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Sing For your Child

From the Album  The Minstrel

Sing for your child, show that you care
There may be no tomorrow
Stay for a while, there’s always time to show you care
So sing for your child, sing for your child, tonight

A little child with wondrous eyes
Looks up at her father
Daddy won’t you sing to me a while
Sing me songs of magic
And strange enchanted forests
And magicians that cast spells with wicked smiles
My child, I’d dearly love to, but I just don’t have the time
There’s still so many mountains I must climb

A little child with eyes closed tight
Lies there like an angel
Watched on by her father’s misty eyes
Please let her live, the father cries
I can’t exist without her
And this is not the time to say goodbye
He feels so helpless and he her king
But then recalls how she loved to hear him sing

For seven days and seven nights
he sits down close beside her
Singing songs of magic in her ear
The mountains he once climbed
Now seemed so much smaller
As the crisis of her illness drew near
Then her eyes slowly open
She’s come through the night
Don’t worry daddy I’m going to be alright

Now every time he says goodbye
A thought goes through his mind
There may be no tomorrow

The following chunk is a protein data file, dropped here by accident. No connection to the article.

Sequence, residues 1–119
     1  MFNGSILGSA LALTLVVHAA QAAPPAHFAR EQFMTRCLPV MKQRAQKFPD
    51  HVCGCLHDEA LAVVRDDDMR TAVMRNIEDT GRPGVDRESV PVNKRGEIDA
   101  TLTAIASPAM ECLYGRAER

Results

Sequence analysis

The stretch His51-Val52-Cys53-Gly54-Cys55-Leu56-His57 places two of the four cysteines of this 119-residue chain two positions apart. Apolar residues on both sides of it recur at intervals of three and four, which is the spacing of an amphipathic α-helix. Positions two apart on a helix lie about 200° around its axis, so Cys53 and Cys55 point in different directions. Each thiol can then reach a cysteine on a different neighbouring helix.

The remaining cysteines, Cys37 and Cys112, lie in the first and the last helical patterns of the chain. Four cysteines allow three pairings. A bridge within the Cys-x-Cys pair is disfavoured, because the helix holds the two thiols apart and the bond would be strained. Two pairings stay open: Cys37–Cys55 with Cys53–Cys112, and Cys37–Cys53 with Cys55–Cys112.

So today he must be kind


It was 1989, and I was staying with my parents after my marriage and businesses had failed. I was just about to go out one night when I had the urge to pick up my guitar. I sat on the edge of the bed, and instantly the words and music Sing for your Child came out. I have never had children or much contact with them, so where on earth that line came from, I have no idea.

We didn’t have a lot of money when I was growing up, and as we were a family of six, my father had to do a lot of overtime to make ends meet. Because of that, I didn’t get to see much of him, except in the summer when we went camping every weekend. I have the fondest memories of us playing cricket together in the day and sitting by a gas lamp, playing whist or shove halfpenny at night.

Contrary to the message of this song, the last thing I would have wanted was for Dad to sing as he was utterly tone-deaf, but both my parents were always willing to join in with anything we suggested. Maybe that was where the title of the song came from, that the greatest gift my parents ever gave me was their time, the most precious thing we have.